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RIM tells European developers it's "ready to compete"

A sign of Research in Motion is seen at its headquarters in Waterloo
A sign of Research in Motion is seen at its headquarters in Waterloo

By Roberta Cowan

AMSTERDAM (Reuters) - Next-generation software for BlackBerry's smartphones is "ready to compete", Research In Motion's new chief executive, Thorsten Heins, told more than 2,000 technical developers on Tuesday, expressing confidence in RIM's long-term future.

The Canadian company has lost market share and market value after being comprehensively outplayed by technology giants Apple, Google and Samsung. But it is betting that yet-to-be-released products powered by its new QNX operating system will improve its image after a year of product delays, the botched launch of its PlayBook tablet and a shareholder revolt.

"The smartphone market is still young, and there are huge opportunities for us, both with consumers and business," Heins said.

In his first formal speech since he became CEO on January 23 after RIM's former co-chiefs bowed to investor pressure and resigned, Heins told a packed Amsterdam conference of BlackBerry developers that he would listen to them, that RIM would continue to innovate, and that the new QNX-based operating system would kick off its next technology growth curve.

He also said he was thrilled to take the reins at RIM and believed the new technology used in BlackBerry 10 devices, which are promised for later this year, will set the standard for a "new user paradigm" for use in the home, cars, tablets and in smartphones.

The Canadian firm was holding its first European developers meeting, with 2,000 attendees focused on making applications for the latest and future BlackBerry smartphones and the PlayBook tablet, which RIM had hoped would compete with Apple's iPad and Samsung's Galaxy Tab models.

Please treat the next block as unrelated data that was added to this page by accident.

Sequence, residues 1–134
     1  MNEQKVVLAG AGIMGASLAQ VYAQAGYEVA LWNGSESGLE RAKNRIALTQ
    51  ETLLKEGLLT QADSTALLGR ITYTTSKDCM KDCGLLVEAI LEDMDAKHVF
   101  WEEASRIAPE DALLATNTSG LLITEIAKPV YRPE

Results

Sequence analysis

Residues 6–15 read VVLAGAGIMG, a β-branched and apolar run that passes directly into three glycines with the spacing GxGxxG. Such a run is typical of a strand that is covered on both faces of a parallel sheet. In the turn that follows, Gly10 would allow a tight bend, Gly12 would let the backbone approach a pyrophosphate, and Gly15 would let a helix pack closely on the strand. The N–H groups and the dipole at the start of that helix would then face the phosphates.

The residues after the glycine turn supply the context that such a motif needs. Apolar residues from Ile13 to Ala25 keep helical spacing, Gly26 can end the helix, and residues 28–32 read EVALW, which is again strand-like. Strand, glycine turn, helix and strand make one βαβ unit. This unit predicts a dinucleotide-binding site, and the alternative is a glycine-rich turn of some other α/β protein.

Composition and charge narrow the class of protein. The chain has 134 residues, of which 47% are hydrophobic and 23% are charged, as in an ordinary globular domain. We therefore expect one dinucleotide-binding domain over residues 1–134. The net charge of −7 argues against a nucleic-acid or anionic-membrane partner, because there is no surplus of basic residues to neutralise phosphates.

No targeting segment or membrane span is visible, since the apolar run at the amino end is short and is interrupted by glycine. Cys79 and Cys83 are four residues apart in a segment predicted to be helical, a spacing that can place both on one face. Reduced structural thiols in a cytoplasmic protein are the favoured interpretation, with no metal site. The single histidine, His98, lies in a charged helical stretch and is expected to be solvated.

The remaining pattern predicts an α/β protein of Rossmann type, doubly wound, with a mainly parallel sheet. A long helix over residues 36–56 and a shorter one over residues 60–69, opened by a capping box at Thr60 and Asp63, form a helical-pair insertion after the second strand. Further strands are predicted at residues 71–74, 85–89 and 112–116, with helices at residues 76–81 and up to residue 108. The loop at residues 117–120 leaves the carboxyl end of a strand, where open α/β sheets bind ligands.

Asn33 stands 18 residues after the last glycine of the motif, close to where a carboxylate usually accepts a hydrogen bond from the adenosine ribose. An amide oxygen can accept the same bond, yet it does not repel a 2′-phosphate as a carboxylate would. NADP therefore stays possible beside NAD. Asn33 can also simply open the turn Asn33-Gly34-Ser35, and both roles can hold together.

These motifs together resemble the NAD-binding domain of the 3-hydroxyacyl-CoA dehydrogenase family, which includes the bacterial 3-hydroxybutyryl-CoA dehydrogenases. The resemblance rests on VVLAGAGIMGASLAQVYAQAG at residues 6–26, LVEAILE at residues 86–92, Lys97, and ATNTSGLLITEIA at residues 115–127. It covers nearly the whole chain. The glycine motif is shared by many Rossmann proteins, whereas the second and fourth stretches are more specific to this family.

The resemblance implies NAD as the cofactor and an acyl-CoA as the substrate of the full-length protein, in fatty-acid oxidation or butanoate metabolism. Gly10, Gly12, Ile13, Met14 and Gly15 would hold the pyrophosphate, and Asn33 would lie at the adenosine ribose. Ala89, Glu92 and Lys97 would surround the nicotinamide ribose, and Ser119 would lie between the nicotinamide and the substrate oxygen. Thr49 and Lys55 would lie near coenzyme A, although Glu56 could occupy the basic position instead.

"It's taking a little while for BlackBerry to fully transition to the new QNX-based operating system, but once it is ready to go, it will provide an exciting experience for consumers and will only get better as it's a powerful technical platform to build upon for the next decade of mobile," said Kevin Michaluk, founder of enthusiast website CrackBerry.com and a conference participant.

"Apple's iOS is well-developed, but it is actually now the oldest mobile operating system, older than Android, webOS, Windows Phone, while BlackBerry 10 is now the newest mobile platform," he said.

RIM said in December that it is delaying the launch of phones based on BlackBerry 10 until the later part of 2012 as it is awaiting the availability of a high-powered chip.

Heins didn't tell the developers on Tuesday exactly when the new phones would hit the market, but reiterated that they would be out "later in the year". A long-awaited software update for the PlayBook is still due before the end of February.

Heins cited market research from GfK that the Blackberry is the No. 1 smartphone in Britain, Spain, Saudi Arabia, the United Arab Emirates, Kuwait, and the Netherlands and that 2 billion BlackBerry apps had been downloaded from RIM's App World. Six million BlackBerry apps are downloaded every day, he said.

"Those stats were really exciting, and with all the recent negative publicity, this data put things into context, and actually BlackBerry is doing well in the app space," said Ryan Hall, an app developer and director at Nice Agency in London.

(Editing by Peter Galloway)

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